Pula


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Pula

(po͞o`lä), Ital. Pola, city (2011 pop. 57,460), W Croatia, on the Adriatic and at the southern tip of the Istrian peninsula. A major seaport and an industrial center, it has shipyards, docks, and varied manufactures. Captured (178 B.C.) by the Romans, it was destroyed by Augustus, but was rebuilt by him and named Pietas Julia. It passed to Venice in 1148, but in 1379 it was taken and destroyed by the Genoese. However, it remained a Venetian possession until the Treaty of Campo Formio (1797) transferred it to Austria. Under Austrian rule Pula became the chief naval base and arsenal of the Hapsburg empire. The city was ceded to Italy after World War I and to Croatia, then a constitutent republic of Yugoslavia, after World War II. Pula has many well-preserved Roman ruins, notably a large amphitheater, the Porta Aurea (a triumphal arch of the 1st cent. B.C.), and the temple of Augustus and Roma (1st cent. A.D.).

Pula

 

(also Pola), a city in northwestern Yugoslavia, in the Socialist Republic of Croatia, on the Istrian Peninsula. Population, 50,000(1974). Pula, a port on the Adriatic, has a shipbuilding industry, producing tankers with a displacement of more than 200,000 tons deadweight. Other industries include woodworking and the production of cement, glass, chemicals, textiles, leather goods, and footwear. The city also has tobacco and fish-canning industries.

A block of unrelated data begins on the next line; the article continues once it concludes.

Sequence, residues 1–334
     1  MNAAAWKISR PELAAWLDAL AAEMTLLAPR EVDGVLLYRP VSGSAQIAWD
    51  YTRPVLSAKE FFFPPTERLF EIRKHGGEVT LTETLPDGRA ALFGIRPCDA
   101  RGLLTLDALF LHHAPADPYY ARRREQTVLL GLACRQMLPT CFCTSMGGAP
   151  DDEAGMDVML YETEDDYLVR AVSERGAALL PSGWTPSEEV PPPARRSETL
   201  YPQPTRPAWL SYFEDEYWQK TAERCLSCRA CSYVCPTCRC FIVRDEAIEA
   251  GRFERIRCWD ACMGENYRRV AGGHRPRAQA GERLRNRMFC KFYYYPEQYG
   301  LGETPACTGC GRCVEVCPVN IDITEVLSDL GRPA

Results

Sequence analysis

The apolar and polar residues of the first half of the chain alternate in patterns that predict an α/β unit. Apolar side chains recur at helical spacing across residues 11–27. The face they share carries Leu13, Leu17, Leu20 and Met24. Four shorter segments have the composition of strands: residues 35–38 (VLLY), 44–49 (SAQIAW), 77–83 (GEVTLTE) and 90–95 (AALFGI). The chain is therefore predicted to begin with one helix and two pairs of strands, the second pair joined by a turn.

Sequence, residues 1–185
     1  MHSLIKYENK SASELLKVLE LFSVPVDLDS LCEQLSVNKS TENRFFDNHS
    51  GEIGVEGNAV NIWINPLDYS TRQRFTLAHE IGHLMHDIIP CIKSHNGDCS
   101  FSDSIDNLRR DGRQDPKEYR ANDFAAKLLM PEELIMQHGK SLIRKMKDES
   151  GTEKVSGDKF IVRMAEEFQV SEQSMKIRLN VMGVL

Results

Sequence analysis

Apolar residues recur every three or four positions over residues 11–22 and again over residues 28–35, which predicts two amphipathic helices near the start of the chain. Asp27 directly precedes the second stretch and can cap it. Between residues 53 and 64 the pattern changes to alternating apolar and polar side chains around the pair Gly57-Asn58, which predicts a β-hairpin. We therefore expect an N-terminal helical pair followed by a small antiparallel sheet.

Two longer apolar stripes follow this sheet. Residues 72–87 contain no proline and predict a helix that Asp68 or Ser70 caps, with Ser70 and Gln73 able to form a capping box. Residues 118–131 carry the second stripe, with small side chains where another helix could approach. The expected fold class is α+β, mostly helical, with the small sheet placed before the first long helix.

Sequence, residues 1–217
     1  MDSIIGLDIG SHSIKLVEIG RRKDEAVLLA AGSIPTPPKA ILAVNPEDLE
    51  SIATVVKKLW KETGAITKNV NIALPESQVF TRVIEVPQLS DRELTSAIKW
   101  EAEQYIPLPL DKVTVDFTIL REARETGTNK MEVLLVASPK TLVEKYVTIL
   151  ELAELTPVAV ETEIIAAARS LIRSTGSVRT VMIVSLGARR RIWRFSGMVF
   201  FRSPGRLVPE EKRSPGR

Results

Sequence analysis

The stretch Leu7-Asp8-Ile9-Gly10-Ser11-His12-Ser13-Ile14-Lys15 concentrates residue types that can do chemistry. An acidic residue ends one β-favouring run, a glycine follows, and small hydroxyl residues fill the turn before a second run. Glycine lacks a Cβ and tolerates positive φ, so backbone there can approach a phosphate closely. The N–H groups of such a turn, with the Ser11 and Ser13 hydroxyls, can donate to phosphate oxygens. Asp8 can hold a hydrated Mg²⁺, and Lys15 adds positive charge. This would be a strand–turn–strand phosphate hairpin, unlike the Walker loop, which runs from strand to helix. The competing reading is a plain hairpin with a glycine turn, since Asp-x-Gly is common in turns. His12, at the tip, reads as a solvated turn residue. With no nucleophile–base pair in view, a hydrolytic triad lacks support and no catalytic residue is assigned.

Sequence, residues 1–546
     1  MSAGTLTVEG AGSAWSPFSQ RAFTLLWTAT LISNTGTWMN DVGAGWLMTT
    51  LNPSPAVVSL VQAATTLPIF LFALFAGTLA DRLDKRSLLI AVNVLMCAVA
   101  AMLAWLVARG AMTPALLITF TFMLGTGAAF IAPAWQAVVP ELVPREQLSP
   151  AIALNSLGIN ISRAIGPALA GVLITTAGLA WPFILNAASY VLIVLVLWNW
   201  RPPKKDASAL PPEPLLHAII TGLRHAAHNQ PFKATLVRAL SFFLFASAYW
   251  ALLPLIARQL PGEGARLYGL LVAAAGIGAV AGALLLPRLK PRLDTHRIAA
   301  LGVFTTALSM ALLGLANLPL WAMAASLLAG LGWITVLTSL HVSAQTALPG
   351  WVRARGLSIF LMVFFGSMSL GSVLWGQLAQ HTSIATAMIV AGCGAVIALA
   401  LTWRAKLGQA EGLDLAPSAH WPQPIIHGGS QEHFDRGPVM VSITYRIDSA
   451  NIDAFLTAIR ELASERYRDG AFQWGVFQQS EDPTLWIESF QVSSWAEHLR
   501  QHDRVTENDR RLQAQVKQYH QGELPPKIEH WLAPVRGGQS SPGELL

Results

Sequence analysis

Pula is noted for its remains of ancient Roman architecture, among which are a triumphal arch dating from 29–27 B.C., an amphitheater from the first century A.D. and ruins of municipal fortifications and villas from the first and second centuries A.D. A mausoleum and the Church of St. Nicholas, both built in the sixth century, are also noteworthy. Pula is a popular tourist site.

Pula

a port in NW Croatia at the S tip of the Istrian Peninsula: made a Roman military base in 178 bc; became the main Austro-Hungarian naval station and passed to Italy in 1919, to Yugoslavia in 1947, and is now in independent Croatia. Pop.: 62 300 (1991)
References in periodicals archive ?
If Pula should ever venture to teach a survey course on Polish history and culture, I think he would be challenged to find a handier and more readable quick reference work for such a course.
Pula also includes interesting historical information in his glossary articles.
Eating at the Histria is best left to breakfast time, but there are excellent meals to be had around Pula.
I happen to think that volume is our biggest nightmare right now,'' Pula said.
GETTING THERE EasyJet launched a new daily route from Gatwick to Pula this summer with fares from PS36.
Pula said, there is still ice on the reservoir at Fishing Area 2 in New Salem.
In addition to Pula, Jet2 and Jet2holidays already offer flights and package breaks to the coastal resort and Unesco World Heritage Centre, Dubrovnik.
Pula GC suits his style of play and the former king of Carnoustie looks a solid investment at 9-4 to finish the Iberdrola Open as the top Scot.
The last selection is Pula who face relegation-bound Medimjure in Croatia.
Chris Pula, president of theatrical marketing for Warner Bros.
The actionless plot of Dragan Velikic's novel Severni zid (The North Wall) unfolds in three cities: Pula, Trieste, and Vienna.
Once broadband services are in place, service providers want to reduce their operational costs of maintaining these services while satisfying the subscribers," says Michael Pula, Director of Marketing for Teradyne's NetFlare system.